in the meantime, the house next to my folks was finally being taken back by the bank. the neighbors had lived there for over 2 years without making a payment, however, they had bought new cars and gone on trips and lots of fun stuff. when the bank finally did take it back, they did it through a program called cash for keys where the bank said, if you leave the home in resalable condition, we'll pay all your moving fees, the fees to set up your utilities, first and last on your new apartment, etc. wow. cool. we were leaving our place in re-salable condition, i didn't see why we wouldn't get the same deal. i talked to fannie mae about it and they said to bring it up once the dee-in-lieu was complete. so, we waited and we called and we waited...

that brings us to the end of february when we got a letter saying that we had been approved for the deed-in-lieu. praise God. it was all coming to a close. there were, however, conditions. we had to be up to date on our HOAs and on our property taxes. thankfully, we had ben paying those damn HOA fees all along so we didn't have to worry about that, but we did, in order for them to take back this beautiful condo from us, have to send them a check for almost $2,000 for back property taxes. ok, well, here was my chance to ask about the cash for keys program. how could they say no? we were fine upstanding citizens that went about everything the right way. wrong. when i asked, the lady on the line was surprised and asked how i had even heard of this program. i told her i knew some people that did it and that the fannie mae people had told me to ask for it. she put me on hold and came back on the line to tell me, nope, if you leave your home willingly they won't give you crap. if they have to force you out, they will pay you. screwed again. so the moral of the story here was if you do everything the right way you get wronged? wow. i was flabbergasted. at that point a weaker person would have decided to go the low road... i however, maintained. at least this nightmare was over and we could start to rebuild.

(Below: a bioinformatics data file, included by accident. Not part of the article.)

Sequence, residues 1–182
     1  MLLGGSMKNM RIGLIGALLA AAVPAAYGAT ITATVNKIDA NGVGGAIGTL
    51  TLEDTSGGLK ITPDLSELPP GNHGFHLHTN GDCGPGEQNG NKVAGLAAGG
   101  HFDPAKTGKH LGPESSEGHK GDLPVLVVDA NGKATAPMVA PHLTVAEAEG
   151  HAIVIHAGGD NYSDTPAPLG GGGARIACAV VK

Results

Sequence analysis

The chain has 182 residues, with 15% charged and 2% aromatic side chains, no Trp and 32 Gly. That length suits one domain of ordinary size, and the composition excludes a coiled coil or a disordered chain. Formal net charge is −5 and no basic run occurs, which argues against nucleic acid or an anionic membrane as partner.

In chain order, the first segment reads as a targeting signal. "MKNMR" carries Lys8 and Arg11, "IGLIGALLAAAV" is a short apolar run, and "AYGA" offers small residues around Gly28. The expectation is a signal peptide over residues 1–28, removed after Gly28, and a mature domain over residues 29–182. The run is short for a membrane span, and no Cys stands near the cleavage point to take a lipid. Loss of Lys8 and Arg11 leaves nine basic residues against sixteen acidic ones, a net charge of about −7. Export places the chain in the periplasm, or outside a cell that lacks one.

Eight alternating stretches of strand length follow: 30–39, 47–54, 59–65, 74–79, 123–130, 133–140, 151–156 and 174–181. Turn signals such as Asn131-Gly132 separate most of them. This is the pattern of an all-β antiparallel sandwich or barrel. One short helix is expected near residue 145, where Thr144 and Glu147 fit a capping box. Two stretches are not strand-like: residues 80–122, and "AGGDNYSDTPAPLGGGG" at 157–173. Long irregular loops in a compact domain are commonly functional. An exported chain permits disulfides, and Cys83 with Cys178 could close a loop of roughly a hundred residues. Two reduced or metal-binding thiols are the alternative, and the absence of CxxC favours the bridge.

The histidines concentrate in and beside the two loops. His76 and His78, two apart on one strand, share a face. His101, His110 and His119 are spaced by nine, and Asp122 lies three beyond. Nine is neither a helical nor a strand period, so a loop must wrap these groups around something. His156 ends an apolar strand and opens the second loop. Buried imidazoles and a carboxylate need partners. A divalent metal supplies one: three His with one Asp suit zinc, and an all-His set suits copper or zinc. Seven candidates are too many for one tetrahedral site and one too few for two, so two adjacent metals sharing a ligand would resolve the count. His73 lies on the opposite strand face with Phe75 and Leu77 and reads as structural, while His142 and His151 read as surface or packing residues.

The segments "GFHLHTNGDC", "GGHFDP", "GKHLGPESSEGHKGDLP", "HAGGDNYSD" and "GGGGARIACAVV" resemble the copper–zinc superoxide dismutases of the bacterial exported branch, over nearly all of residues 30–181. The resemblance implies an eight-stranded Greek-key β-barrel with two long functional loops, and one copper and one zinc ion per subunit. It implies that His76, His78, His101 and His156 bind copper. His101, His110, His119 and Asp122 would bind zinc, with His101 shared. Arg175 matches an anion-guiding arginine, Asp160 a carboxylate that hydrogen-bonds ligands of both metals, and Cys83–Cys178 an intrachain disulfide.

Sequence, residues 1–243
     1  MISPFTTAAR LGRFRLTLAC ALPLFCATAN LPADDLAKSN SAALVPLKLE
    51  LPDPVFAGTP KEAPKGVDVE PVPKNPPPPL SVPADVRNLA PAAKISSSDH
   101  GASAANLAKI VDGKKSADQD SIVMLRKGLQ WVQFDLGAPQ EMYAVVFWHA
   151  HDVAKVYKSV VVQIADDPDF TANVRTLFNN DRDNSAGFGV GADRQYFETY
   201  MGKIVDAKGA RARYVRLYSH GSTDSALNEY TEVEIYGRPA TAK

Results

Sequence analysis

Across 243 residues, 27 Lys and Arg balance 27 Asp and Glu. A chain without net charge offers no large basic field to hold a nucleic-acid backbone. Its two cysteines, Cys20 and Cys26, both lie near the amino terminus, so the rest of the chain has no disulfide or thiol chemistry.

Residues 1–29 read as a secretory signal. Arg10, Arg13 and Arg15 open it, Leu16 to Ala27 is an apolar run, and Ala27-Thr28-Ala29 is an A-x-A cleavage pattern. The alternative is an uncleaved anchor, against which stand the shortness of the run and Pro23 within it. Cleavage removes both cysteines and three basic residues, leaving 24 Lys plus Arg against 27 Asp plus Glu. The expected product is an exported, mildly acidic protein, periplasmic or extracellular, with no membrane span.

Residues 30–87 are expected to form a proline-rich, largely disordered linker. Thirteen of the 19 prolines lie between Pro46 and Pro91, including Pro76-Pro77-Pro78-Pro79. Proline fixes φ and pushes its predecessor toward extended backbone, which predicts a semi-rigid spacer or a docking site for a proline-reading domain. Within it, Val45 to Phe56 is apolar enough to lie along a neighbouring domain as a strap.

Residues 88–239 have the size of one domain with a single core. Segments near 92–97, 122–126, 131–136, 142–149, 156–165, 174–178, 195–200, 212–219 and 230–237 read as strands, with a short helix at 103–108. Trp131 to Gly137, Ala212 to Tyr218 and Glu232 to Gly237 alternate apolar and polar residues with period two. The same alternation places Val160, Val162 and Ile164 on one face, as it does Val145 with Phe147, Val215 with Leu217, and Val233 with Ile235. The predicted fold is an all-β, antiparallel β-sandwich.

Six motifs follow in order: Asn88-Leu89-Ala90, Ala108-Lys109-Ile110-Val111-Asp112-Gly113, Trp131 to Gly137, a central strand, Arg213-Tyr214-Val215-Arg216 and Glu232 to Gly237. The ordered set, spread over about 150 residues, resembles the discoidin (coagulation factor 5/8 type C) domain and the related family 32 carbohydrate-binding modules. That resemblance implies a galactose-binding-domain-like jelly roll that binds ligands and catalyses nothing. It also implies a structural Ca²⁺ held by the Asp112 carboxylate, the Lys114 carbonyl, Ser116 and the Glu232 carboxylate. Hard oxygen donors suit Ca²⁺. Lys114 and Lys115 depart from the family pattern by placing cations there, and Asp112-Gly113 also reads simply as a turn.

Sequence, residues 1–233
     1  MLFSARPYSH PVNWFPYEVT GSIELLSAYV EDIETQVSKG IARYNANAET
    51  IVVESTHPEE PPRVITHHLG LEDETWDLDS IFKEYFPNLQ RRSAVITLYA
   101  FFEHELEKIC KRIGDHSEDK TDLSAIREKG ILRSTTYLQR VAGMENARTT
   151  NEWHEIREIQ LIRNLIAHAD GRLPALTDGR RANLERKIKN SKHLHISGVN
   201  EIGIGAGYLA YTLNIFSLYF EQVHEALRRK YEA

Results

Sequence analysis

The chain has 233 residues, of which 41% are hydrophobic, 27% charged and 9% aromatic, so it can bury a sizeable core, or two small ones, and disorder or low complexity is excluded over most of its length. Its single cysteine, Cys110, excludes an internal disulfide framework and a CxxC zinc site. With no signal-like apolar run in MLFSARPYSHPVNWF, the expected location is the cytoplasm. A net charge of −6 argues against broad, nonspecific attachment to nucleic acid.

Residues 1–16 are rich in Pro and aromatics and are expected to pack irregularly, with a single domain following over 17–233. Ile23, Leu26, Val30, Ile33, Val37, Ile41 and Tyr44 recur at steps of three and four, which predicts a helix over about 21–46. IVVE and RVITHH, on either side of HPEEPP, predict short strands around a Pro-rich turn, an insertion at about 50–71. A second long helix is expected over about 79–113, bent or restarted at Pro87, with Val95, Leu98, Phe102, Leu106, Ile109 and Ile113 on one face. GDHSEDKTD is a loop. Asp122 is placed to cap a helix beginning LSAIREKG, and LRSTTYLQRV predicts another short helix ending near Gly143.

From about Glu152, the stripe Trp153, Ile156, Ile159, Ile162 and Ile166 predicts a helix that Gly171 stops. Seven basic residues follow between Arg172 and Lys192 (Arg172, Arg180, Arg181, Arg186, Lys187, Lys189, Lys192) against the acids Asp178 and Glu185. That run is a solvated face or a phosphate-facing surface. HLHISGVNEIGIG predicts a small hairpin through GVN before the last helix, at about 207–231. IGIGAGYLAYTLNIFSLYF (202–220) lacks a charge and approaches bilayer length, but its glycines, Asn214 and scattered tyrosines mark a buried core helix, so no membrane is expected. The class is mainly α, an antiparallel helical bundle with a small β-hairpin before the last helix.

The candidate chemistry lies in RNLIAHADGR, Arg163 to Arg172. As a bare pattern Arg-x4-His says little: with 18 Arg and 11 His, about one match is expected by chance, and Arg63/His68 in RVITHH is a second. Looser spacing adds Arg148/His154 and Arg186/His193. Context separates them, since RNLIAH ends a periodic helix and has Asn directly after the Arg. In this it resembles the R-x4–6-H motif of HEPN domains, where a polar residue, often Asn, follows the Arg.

by the end of march things were improving. my husband was now working and we decided it was time to find an apartment. we found a 1 bedroom, 1 bath apartment in a beautiful park-like complex 1 mile from the beach. getting 3 bedrooms of stuff into a 1 bedroom apartment has been a challenge, but it has been so worth it. we have our kitties back (they were staying about 70 miles away with my folks cause my in-laws are allergic) we have better neighbors than we ever had in the condo and we have a trailhead at the end of our street that leads into the wetlands. i've learned a few things about myself through all of this. 1. family is everything, without them who knows where we'd be. 2. less is more, i have all the things that really matter, my husband and our cats, the rest is really just stuff. 3. even when times were tough and i felt we were being treated wrongly, we were still able to keep our integrity and that's important. life may not be fair, but at the end of the day you have to look yourself in the mirror. be proud of who you are regardless of how you've been treated.